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Nokia Productions
Editor's Note


I came across a few good aphorisms recently. The first is, “The craftsman makes what he can sell; the artist sells what he makes.” (I can’t remember who said this, but when I get it ID’d I’ll note it on the blog.) The second is something that blurted out of my mouth during a meeting with a first-time writer-director who had written a very interesting, ambitious script that was quite surreal and would be quite expensive to produce. He had few financing contacts and wanted to know if I had a list of people who might finance the film. I said, “You either have to write for the market or write for your resources.” The third is from Paul Schrader, who said about creating work for the Internet, “There’s [currently] no money in it, but it’s much better to gore the ox than to hold the ox that’s being gored.” Schrader’s slightly more oblique phrasing refers to his decision to create work that can exist on multiple platforms including, yes, cell phones, and to move away from the traditional independently-financed narrative feature film model he – and most of us – have been pursuing for the past decades.

There’s a simplicity in all of the above statements, a simplicity that’s easy to ignore. It’s easy to make something willfully, stubbornly unique while remaining hopeful that it can somehow be shoehorned into a traditional financing or exhibition model. Or that a film can be made and then launched into the marketplace in the same manner one would have done it in 1988.

Anyway, these are just some quick thoughts as I pack for Toronto. I’m looking forward to seeing how the so-called crisis in independent film plays out up at the festival that really kicks off our fall season. I’ll keep this short, then, but look for our festival coverage on the blog and also watch for a lot of new stuff on FilmmakerMagazine.com in the months ahead, including a reconfigured forums and more video content.

See you next week.



Best,

Scott Macaualy
Editor

PING PONG PLAYA
Named one of our 25 New Faces of Independent Film in 1998, Jessica Yu has built an impressive portfolio of non-fiction titles, including a Oscar for her short Breathing Lessons, while directing TV shows like ER, The West Wing and Grey's Anatomy. At the time we wrote "Yu's trademark is her astute ability to come up with the right response to a situation — whether she's catching the drama of a scene unfolding in front of her camera, or designing the visual look for a particular documentary." Ten years after appearing in Filmmaker, Yu unveils her first narrative feature, Ping Pong Playa, which exuberantly plays off of the Chinese obsession with table tennis, Napoleon Dynamite geedom and offbeat cultural humor.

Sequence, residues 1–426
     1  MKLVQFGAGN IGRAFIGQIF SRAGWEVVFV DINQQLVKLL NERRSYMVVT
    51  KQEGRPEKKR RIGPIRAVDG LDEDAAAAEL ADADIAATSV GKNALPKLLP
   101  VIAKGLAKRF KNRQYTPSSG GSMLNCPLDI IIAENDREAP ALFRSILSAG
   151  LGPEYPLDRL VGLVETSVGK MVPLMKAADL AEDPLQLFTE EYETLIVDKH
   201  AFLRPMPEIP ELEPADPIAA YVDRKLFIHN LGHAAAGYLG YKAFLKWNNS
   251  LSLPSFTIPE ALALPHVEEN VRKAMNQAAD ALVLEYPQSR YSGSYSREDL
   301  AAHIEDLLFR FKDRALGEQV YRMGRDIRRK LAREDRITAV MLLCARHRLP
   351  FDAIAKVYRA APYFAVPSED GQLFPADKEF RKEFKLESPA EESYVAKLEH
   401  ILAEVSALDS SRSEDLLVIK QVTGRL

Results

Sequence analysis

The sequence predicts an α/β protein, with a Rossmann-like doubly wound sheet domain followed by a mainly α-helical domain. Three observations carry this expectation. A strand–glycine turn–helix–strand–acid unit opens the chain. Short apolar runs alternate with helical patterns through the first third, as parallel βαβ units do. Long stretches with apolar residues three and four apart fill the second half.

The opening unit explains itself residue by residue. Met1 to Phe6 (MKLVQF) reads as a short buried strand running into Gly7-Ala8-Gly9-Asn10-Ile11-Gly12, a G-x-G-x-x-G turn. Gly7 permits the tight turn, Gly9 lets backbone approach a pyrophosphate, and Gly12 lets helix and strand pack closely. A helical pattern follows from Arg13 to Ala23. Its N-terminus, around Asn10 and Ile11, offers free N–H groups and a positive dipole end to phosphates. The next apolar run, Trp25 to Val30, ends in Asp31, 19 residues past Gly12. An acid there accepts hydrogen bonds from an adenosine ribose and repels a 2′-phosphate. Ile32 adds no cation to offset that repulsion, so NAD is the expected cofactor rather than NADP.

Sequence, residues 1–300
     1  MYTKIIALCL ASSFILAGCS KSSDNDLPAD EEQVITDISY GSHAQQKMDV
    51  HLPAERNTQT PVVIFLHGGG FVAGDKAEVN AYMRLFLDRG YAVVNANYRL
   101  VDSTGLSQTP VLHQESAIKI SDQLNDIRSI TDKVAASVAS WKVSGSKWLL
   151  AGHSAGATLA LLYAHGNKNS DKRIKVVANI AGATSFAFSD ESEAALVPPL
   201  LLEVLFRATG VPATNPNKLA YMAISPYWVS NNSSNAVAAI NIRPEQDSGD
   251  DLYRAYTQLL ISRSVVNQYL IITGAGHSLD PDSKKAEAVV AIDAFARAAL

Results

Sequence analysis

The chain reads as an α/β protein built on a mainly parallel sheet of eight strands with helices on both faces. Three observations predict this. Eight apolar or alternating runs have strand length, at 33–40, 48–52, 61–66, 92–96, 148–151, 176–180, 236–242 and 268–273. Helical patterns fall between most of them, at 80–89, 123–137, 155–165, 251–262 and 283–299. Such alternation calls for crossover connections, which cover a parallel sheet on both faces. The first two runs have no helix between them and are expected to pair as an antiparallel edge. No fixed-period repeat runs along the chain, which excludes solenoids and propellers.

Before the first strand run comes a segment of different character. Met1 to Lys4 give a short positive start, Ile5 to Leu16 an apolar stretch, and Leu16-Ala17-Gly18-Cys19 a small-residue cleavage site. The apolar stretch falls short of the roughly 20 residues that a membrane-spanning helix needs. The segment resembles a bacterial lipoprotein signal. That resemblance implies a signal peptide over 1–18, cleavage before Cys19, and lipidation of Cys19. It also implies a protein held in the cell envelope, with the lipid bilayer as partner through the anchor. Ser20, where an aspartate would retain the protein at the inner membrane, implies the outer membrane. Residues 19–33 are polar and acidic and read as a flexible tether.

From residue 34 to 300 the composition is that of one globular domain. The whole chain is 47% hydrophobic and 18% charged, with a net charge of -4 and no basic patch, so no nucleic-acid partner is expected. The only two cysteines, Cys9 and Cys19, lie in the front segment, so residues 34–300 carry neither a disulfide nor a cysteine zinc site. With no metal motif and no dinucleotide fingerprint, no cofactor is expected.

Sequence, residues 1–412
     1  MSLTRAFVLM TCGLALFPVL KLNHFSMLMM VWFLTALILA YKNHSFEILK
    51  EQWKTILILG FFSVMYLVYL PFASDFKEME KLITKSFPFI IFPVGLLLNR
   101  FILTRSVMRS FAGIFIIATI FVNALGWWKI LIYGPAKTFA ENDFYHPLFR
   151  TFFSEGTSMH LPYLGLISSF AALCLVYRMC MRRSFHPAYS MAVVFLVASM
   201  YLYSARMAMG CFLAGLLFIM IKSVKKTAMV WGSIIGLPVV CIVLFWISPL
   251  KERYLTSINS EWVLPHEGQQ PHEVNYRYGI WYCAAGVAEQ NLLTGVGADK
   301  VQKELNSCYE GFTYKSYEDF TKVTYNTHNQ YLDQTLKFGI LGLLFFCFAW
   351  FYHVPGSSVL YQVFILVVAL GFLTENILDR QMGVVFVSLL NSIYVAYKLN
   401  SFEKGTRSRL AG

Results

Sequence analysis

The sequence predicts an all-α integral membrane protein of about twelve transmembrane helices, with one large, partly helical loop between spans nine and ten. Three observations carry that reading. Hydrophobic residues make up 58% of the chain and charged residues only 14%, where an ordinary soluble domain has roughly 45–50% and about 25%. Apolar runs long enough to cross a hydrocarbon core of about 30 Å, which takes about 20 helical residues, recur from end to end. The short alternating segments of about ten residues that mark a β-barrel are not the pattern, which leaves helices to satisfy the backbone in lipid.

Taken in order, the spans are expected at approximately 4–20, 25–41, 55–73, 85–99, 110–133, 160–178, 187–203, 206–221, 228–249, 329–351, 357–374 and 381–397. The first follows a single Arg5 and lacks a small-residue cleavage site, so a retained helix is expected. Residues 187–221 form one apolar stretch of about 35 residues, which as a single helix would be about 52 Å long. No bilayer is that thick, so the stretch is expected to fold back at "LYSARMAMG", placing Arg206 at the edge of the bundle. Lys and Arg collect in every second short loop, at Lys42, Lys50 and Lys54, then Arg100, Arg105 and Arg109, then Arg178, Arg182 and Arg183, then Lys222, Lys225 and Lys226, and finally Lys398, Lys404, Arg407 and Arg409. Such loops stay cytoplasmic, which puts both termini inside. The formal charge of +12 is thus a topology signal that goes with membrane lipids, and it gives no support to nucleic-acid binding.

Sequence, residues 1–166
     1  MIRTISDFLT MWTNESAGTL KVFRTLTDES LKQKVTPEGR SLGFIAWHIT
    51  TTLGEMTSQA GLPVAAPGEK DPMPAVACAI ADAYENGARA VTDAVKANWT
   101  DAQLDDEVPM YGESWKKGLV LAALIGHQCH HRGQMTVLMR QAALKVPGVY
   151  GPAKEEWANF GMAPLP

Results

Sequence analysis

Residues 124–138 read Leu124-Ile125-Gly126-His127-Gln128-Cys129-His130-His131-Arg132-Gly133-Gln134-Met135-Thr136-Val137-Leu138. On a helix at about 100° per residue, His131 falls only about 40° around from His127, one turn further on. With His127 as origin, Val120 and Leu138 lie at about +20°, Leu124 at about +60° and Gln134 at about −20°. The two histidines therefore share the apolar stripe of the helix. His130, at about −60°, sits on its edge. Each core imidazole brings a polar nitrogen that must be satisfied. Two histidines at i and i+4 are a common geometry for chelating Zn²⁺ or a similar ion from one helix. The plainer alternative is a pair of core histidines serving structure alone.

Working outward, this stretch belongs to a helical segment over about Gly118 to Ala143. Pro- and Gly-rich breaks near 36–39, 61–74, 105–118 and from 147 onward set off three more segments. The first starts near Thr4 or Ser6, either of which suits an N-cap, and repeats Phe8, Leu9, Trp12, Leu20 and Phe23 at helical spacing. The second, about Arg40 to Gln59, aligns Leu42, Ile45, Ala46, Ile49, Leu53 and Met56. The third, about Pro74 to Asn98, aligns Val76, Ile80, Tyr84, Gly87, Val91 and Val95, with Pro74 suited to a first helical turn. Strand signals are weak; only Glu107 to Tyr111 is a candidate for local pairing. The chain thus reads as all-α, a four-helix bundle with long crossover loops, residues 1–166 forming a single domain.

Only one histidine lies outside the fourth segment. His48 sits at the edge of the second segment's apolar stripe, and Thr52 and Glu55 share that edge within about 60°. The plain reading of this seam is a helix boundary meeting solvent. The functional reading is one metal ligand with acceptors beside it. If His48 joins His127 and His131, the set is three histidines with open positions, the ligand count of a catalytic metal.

This week on the blog, Scott Macaulay recommends a panel discussion at Telluride on the state of indie film, learns about Mark Urman's departure from THINKFilm and links to Charles Ferguson's free streaming of his film No End In Sight on YouTube (pictured left). To read more posts from our blog, click here.

 

INDEPENDENT FILMMAKER CONFERENCE, SEPTEMBER 14-19, 2008
Daily “Conversations with” filmmakers Kevin Smith, Frida Torresblanco, and Robert Greenwald along with industry visionaries Josh Sapan of Rainbow Media and SnagFilms’ Rick Allen.

Daily “State of the Union” discussions with Bob Berney (Picturehouse), Christian Gaines (Withoutabox), Geoff Gilmore (Sundance Film Festival), Anne Thompson (Variety), Lance Weiler (Head Trauma) and more!

Daily Case Studies featuring Guillaume Canet’s Tell No One, Almudena Carracedo and Robert Bahar’s Made In L.A., Patrick Creadon’s I.O.U.S.A., Sandi Dubowski’s Trembling Before G-d, Ryan Fleck & Anna Boden’s Sugar, Gary Hustwit’s Helvetica, Alex Rivera’s Sleep Dealer, Aaron Rose & Joshua Leonard’s Beautiful Losers, and on-line film series & new media film pioneers The Cult of Sincerity, The West Side, Molotov Alva and Star Wreck.

Panelists include filmmakers Brad Anderson (Transsiberian), Larry Fessenden (The Last Winter), Courtney Hunt (Frozen River), Barry Jenkins (Medicine for Melancholy), So Yong Kim (In Between Days), Joe Swanberg (Hannah Takes The Stairs), Craig Zobel (Great World of Sound) and representatives from A&E IndieFilms, Big Beach, BMI, Cinetic Media, HBO, IndieGoGo, ITVS, Magnolia Pictures, Maximum Films, Miramax, New Video, Oscilloscope Pictures, SAGIndie, Samuel Goldwyn Films, Spout, Strand Releasing, Sundance Channel, SXSW, This is That, Variety and more!

For the latest Conference updates and pass purchases, go to www.filmmakerconference.com.


 

CHRIS SMITH, THE POOL
Nick Dawson

Chris Smith is an interesting conundrum, a filmmaker who brings a narrative verve and energy to his documentaries and approaches fiction films with the delicate restraint and remove of a documentarian. After 12 years away from fiction filmmaking, Smith returns with The Pool, co-written with his American Job collaborator Randy Russell, whose Iowa-set short story provided the film's inspiration. The action, however, is set in Goa, India, where a young hotel worker, Venkatesh (Venkatesh Chavan), becomes obsessed with swimming in a backyard pool owned by a stern stranger (Nana Patekar). read more

 
Festival Deadlines

SEPTEMBER
Tropfest NY
Submission Deadline: Sept. 5
Festival Dates: Sept. 26

Victoria Independent Film Festival
Submission Deadline: Sept. 8 (Final)
Festival Dates: Nov. 13-20

Tribeca Film Festival
Submission Deadline: Sept. 15 (Opens), Nov. 14 (Early), Jan. 12 (Final)
Festival Dates: April 22-May 3

Canada International Film Festival
Submission Deadline: Sept. 20, Nov. 20 (Final)
Festival Dates: Jan. 24-25

Victoria Film Festival
Submission Deadline: Sept. 24
Festival Dates: Feb. 1-10

Find more festival deadlines here.







 


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